Putin must be loving Washington's meltdown over Russian election interference

Russian President Vladimir Putin speaks during his annual press conference in Moscow on December 19, 2019.

This analysis was excerpted from the February 24 edition of CNN's Meanwhile in America, the daily email about US politics for global readers. Sign up here to receive it every weekday morning.

(CNN)Forgive Vladimir Putin a wry smile.

Just one report that Russia is meddling again in US elections has pitched Washington into a meltdown that will only further the Kremlin's goal of tarnishing US democracy.
Bombshell reports last week revealed that US intelligence agencies identified a new Russian election interference effort -- and suggested the Kremlin was betting on US President Donald Trump. But now, intelligence officials are backtracking, telling CNN they actually do not have evidence that Russia's interference is aimed at reelecting Trump.
    Confused? Great. The back and forth perfectly suits Russia's original disinformation blueprint, fomenting pandemonium in US politics that turns American against American. Intelligence officials have also said that Russia is assisting the campaign of surging Democrat Sen. Bernie Sanders -- a suggestion also floated by Trump, a skilled weaver of misinformation himself.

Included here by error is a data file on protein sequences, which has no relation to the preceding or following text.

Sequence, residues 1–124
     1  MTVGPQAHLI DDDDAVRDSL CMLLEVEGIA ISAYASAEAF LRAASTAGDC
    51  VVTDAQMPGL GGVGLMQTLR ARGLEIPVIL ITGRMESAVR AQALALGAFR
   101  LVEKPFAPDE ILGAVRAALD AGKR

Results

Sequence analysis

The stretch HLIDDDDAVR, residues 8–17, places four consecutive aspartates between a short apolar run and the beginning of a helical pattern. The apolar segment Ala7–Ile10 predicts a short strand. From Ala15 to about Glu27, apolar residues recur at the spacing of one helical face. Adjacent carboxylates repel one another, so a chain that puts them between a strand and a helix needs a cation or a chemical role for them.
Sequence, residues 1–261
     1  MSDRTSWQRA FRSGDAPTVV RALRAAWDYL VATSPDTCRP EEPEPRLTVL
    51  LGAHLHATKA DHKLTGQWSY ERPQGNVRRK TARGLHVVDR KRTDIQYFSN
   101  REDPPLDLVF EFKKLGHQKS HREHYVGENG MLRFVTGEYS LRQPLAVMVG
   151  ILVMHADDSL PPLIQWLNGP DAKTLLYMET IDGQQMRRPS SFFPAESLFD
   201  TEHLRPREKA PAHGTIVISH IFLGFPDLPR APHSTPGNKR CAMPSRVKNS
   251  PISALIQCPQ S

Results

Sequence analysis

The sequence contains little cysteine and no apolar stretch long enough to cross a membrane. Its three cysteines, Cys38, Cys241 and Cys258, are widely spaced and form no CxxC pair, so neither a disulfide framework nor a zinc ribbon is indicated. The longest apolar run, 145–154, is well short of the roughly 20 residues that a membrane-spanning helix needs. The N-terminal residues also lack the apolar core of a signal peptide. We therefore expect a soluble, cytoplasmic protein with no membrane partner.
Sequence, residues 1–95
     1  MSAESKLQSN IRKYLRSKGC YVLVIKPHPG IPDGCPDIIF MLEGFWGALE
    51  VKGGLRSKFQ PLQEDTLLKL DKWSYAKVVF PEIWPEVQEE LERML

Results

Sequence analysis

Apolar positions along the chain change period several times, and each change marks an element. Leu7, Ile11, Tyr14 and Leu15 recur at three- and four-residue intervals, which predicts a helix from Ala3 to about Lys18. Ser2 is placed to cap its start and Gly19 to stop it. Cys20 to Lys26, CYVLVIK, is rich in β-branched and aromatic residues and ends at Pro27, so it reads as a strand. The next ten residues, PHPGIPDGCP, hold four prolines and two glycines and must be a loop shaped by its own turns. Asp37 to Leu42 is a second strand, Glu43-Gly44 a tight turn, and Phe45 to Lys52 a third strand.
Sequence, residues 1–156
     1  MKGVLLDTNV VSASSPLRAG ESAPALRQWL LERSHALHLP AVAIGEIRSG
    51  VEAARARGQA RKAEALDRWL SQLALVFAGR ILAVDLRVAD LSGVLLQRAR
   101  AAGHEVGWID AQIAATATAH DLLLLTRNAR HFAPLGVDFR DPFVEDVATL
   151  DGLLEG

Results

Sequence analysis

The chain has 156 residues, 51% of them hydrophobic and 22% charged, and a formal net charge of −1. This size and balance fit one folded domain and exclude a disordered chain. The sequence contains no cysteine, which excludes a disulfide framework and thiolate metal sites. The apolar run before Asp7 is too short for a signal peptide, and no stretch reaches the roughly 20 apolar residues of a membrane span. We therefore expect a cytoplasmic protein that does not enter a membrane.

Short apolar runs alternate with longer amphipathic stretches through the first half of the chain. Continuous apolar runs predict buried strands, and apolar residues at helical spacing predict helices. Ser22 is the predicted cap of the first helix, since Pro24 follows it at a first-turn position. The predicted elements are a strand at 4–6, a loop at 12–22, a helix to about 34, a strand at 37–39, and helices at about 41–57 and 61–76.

Thickening the plot, White House aides darkly mutter that the Vermont senator honeymooned in Soviet-era Moscow. Meanwhile, Democrats are back to branding the President as a Russian puppet. The only certainty in this feud is that some Americans will see as illegitimate whatever happens in the November presidential election.
      Now add chaos at the heart of the intelligence establishment: Trump is currently purging top spy chiefs whom he suspects are part of a "Deep State" plot against him. This, after he previously accepted Putin's denials about 2016 election meddling, despite his own spies' assessments.
      Even at the height of the Cold War, Russian agents could only have dreamed of sowing such corrosive distrust in the heart of American democratic institutions. It must be especially sweet for Putin, the former KGB officer who bitterly watched the West triumph from his post in Dresden as East Germany dissolved.